Annual Budget

2020 Tax Levy and Budget Summary

On December 17, 2019 City Council adopted a levy of $17,529,684 for 2020, which is a 9.71 percent increase from 2019. The levy provides for the continuation of outstanding customer service by City workers, exceptional police and fire protection and helps maintain a vibrant, authentic downtown. 

City property taxes for a median value home ($276,000) in Hopkins are estimated to be $1,823. This represents an $88 or 5.1 percent increase compared to a median value home in 2019.  

The two largest areas supported by the levy are public safety, and capital projects and debt. This is a breakdown of estimated City property taxes:

Area supported by levy Dollar amount Percentage
Public Safety $645 35.4%
General Government $261 14.3%
Public Works $220 12.1%
Parks and Recreation $172 9.4%
Hopkins Center for the Arts $34 1.9%
Pavilion $30 1.6%
Capital Projects and Debt $461 25.3%
Total $1,823 100%

Public Safety

Public Safety is comprised of the police, fire and inspection departments. In total, they make up 35.4 percent of the levy. 

Hopkins Police Department
The Hopkins Police Department’s mission is to serve the community with Honesty, Integrity and Respect. They accomplish this through community engagement, relationship building and providing education and youth initiatives. They also responded to over 26,000 calls for service in 2018. They work diligently to prevent and deter crime.   

Hopkins Fire Department
The Hopkins Fire Department makes a positive difference everyday by providing quality fire response, prevention services, emergency medical, hazardous materials handling and emergency preparedness. In 2018, they responded to over 1,500 calls, which is more than an 8 percent increase over the previous year. Their average response time is 4.2 minutes. 

Inspections Department
The Inspections Department is the smallest department within public safety. Their budget is mostly funded through charges for service. The 2020 budget includes revenues of $572,700 and expenditures of $863,296. The Inspections Department is 1.3 percent of the tax levy. 

Capital Projects and Debt

Capital projects and debt is the next largest portion of the levy making up 25.3 percent.  It supports street reconstruction, capital projects at municipal buildings, equipment purchases and the Burnes Park improvement project. 

Street and Utility Improvement Project
The City is completing an aggressive street reconstruction plan paid for through bond issuance, special assessments, and user charges for water, sewer and storm-sewer. All streets in Hopkins are planned to be reconstructed in the next 10 to 12 years. Continuing this program ensures the future preservation of our streets and helps maintain the quality of life Hopkins residents have come to expect. 

The Artery
In order to fully realize the benefits of Southwest Light Rail, the City invested in 8th Avenue and created the Artery. The Artery is a bike, pedestrian and vehicle connection and community space between a future light rail transit station and the City’s historic downtown. The $5.7 million project leveraged $2.6 million of grants from Metropolitan Council, Hennepin County and Three Rivers Park District.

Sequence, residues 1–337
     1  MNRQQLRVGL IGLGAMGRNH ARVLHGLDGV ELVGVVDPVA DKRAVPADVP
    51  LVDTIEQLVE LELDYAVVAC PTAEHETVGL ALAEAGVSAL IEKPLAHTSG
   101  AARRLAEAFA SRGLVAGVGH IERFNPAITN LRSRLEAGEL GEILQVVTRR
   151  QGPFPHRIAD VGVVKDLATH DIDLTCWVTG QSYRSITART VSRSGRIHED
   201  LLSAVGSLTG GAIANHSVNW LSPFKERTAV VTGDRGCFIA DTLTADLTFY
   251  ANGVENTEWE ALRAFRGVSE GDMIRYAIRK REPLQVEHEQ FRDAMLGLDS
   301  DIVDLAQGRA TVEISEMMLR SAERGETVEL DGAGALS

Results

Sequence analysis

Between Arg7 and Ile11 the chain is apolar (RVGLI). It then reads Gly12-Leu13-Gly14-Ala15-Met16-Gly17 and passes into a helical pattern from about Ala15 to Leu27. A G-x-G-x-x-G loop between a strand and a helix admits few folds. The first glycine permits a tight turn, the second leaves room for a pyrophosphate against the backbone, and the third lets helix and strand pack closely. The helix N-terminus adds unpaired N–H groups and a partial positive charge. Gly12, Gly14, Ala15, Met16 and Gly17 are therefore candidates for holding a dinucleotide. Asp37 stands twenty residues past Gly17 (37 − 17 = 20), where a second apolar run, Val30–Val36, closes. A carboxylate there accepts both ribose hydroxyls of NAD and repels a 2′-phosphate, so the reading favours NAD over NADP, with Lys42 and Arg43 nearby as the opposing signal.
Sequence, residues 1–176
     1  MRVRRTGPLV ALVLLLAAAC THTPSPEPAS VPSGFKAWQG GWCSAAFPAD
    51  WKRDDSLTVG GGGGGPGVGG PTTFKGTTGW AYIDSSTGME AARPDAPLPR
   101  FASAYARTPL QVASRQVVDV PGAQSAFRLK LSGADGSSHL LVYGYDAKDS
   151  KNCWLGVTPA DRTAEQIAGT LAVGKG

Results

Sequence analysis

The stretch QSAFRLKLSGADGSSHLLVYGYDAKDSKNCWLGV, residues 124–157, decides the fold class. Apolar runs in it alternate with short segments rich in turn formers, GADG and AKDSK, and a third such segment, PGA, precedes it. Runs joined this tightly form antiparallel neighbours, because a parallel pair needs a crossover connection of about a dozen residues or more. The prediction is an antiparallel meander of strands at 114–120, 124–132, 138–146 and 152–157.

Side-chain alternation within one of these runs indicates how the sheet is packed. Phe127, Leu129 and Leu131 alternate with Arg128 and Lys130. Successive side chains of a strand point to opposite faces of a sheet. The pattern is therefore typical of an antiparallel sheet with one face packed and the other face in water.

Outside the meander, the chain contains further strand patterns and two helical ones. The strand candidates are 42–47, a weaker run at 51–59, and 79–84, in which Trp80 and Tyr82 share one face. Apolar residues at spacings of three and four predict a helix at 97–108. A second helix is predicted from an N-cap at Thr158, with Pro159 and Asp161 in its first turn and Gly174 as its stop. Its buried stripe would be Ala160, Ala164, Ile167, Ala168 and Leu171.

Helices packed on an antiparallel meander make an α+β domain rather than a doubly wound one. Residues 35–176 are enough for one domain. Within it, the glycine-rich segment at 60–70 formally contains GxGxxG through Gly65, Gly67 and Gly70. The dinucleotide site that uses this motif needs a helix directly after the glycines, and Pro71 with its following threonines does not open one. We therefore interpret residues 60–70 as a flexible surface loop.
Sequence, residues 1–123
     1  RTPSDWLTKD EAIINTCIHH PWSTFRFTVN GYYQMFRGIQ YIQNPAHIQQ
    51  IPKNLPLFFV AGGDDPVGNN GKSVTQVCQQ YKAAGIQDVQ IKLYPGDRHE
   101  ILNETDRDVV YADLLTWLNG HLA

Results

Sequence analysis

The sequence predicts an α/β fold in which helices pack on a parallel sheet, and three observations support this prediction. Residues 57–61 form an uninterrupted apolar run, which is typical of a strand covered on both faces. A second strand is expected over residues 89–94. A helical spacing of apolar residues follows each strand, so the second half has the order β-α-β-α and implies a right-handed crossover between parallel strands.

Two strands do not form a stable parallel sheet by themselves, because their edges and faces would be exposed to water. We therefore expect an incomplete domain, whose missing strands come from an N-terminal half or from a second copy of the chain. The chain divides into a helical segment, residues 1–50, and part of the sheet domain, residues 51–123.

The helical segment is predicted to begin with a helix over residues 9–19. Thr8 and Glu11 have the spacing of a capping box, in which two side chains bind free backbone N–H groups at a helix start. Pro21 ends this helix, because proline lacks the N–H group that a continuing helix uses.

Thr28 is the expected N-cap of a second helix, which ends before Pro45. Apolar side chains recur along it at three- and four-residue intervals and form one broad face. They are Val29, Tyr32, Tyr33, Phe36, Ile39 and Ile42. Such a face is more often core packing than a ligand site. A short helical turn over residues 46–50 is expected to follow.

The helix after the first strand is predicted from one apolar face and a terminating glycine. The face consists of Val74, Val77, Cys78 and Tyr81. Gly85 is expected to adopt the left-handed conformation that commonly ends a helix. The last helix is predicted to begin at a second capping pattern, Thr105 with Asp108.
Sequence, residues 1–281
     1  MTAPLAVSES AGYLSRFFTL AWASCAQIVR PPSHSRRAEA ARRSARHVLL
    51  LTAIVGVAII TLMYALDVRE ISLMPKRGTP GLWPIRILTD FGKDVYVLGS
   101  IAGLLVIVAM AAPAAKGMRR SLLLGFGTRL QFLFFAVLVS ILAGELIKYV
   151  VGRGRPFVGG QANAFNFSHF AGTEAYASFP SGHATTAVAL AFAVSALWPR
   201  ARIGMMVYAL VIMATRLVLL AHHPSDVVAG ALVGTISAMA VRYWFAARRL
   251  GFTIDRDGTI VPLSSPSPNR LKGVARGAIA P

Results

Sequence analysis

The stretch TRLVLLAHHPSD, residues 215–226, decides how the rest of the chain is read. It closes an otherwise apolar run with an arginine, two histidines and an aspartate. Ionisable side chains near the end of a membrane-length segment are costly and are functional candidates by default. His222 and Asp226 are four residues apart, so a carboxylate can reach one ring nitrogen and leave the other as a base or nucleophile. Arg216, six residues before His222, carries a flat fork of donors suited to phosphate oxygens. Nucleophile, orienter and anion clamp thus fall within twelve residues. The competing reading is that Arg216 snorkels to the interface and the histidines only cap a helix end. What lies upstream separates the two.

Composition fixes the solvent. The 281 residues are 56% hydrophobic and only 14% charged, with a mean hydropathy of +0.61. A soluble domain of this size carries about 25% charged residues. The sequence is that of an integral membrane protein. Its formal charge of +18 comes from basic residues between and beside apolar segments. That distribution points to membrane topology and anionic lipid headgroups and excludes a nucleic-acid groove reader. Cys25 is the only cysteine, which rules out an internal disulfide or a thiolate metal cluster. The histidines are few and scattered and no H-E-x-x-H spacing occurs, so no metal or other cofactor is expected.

Blake Road
The City has also invested in the Blake Road Corridor. The City is adding several pedestrian friendly amenities including multi-use trails, landscaped boulevards and upgraded street lighting. The road will also be upgraded to handle future traffic and development demands. The $16 million project will receive reimbursements from Hennepin County ($8 million) and utilize Municipal State Aid of ($3 million). 

The City’s share of the Artery project and Blake Road reconstruction were funded with debt. They also took advantage of limited outside funding sources in order to make needed improvements. Delaying the projects would likely result in higher costs and a larger City-share of the overall cost. 

Hopkins Center for the Arts

The Hopkins Center for the Arts levy being proposed is $325,255 or 1.9 percent of the total levy. Currently, the Arts Center has a deficit balance of $1.2 million owed to the City’s General Fund that has accrued since its opening in 1997. This levy includes $60,000 to pay back the general fund.  The remaining levy amount of $265,225 is needed to maintain current operations. 

The City believes that the Arts Center was an excellent economic development tool that helped make Mainstreet vibrant and authentic.  With this levy, the Arts Center will continue to be an asset to the Community. 


The Pavilion levy being proposed is $290,000 or 1.6 percent of the levy. In 2018, the Pavilion was upgraded and expanded. The City needed to complete a project to replace a 27-year old refrigeration system that was unreliable, developing leaks and being phased out by the EPA.  

The City was able to increase the scope of the project to include remodeled locker rooms, shower rooms, expanded lobby, remodeled office, remodeled concession stand and expanded restroom facilities after receiving contributions from the Hopkins School District ($1 million) and the Hopkins Youth Hockey Association ($1 million). The project still required bond proceeds of $3.1 million to complete. The debt service for the bonds will be paid with a Pavilion levy over the next 15 years.